Learning in inventory competition games

Zeinalzadeh, Ashkan
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[Honolulu] : [University of Hawaii at Manoa], [May 2013]
In a noncooperative game with rational players, Nash strategies are one of the strategies that players can agree on, because none of the players are willing to impose damage to the competitor by lowering their own expected profit. In this dissertation, we incorporate fixed-ordering costs in an inventory competition game; we study the existence of pure Nash equilibrium and behavior of players at Nash equilibrium in a one-period game. We establish the non-existence of pure Nash equilibrium for a large class of multi-period competition games. In real life, decision-makers are limited in their observations or information about their competitors. In this dissertation, we focus on an imperfect-information competition game in which players do not have any information about their competitors, other than the implicit information encoded in their own observations affected by their competitors' past inventory decisions. We introduce simple learning algorithms which allow players to make their decisions in a repeated inventory competition. We prove that the inventory decisions generated by the learning algorithms converge, with probability one, to certain threshold values that constitute an equilibrium in pure Markov strategies for the inventory competition game.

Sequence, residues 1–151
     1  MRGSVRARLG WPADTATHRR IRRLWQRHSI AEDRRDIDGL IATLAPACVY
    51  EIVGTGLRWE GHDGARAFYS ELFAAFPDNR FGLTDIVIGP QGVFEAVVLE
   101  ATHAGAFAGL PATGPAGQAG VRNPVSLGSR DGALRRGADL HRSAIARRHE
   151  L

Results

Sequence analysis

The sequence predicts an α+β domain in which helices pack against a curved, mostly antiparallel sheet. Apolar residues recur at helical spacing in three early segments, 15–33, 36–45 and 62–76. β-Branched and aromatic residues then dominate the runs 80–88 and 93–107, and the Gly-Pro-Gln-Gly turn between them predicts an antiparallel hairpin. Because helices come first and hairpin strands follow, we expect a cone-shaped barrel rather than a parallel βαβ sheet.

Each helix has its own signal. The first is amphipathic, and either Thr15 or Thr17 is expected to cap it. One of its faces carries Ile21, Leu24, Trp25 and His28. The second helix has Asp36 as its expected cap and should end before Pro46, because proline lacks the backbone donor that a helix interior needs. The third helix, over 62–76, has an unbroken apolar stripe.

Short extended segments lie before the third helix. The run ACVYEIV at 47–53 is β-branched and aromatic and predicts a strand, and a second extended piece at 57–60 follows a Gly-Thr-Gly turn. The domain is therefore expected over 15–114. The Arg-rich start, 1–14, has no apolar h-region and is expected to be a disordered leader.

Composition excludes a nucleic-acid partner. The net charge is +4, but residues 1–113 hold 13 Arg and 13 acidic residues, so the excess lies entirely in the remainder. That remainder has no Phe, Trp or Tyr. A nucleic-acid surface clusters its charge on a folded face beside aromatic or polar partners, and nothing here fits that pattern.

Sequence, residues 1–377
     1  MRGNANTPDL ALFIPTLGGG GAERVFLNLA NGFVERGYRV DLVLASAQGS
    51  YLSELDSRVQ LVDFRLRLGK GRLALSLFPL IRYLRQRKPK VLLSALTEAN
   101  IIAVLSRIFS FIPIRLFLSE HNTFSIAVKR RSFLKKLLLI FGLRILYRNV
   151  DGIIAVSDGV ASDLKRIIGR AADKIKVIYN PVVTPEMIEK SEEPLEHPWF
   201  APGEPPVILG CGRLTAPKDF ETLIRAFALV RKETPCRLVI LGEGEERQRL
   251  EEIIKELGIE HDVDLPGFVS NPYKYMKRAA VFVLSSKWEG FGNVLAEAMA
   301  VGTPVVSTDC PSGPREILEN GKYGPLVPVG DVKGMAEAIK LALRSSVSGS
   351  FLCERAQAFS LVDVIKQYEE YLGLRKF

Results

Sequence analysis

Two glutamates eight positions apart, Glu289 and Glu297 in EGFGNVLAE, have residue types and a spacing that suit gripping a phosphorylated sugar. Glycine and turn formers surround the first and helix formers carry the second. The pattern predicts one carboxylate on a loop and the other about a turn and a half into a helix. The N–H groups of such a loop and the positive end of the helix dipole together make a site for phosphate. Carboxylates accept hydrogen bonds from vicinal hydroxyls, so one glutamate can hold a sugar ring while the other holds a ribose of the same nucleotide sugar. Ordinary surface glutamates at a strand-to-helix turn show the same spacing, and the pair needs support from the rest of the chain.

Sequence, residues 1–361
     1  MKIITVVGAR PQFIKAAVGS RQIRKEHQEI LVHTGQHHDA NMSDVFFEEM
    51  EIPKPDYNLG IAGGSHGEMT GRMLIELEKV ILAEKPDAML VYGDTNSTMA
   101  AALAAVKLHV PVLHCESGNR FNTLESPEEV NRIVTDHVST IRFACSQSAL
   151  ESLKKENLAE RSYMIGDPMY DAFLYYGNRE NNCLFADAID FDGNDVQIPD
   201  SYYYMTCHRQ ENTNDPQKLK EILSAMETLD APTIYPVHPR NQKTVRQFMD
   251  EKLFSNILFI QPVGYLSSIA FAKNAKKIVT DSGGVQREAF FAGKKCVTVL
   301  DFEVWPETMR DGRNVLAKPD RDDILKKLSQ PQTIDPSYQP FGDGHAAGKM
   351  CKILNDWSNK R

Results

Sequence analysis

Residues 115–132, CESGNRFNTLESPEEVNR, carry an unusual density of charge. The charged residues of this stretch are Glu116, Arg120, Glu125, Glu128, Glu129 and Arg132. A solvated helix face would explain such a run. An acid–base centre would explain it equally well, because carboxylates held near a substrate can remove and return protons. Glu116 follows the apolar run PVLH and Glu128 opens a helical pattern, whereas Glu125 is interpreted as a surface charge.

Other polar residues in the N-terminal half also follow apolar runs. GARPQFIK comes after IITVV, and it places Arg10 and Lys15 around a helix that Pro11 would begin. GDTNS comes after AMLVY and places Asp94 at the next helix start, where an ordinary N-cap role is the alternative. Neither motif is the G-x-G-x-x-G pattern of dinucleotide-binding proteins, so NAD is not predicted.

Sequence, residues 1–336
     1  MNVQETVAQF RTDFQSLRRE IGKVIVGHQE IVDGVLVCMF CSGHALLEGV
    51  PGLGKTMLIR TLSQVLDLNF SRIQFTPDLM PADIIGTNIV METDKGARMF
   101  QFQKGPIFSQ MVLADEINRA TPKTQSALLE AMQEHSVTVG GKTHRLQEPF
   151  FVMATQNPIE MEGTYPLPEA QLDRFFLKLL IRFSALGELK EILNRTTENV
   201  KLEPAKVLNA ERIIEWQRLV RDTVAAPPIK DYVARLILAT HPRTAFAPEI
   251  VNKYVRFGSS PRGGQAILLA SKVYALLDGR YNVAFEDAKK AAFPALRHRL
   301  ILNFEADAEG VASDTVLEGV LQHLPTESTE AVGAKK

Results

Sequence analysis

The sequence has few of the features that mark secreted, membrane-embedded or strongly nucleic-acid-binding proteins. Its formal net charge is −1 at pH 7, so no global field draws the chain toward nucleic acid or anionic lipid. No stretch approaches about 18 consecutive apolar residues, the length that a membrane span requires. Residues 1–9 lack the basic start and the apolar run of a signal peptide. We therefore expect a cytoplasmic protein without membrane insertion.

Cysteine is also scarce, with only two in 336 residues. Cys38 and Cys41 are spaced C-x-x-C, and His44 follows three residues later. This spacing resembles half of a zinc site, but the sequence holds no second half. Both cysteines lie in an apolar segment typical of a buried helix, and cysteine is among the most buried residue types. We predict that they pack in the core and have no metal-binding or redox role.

Ph.D. University of Hawaii at Manoa 2013.
Includes bibliographical references.
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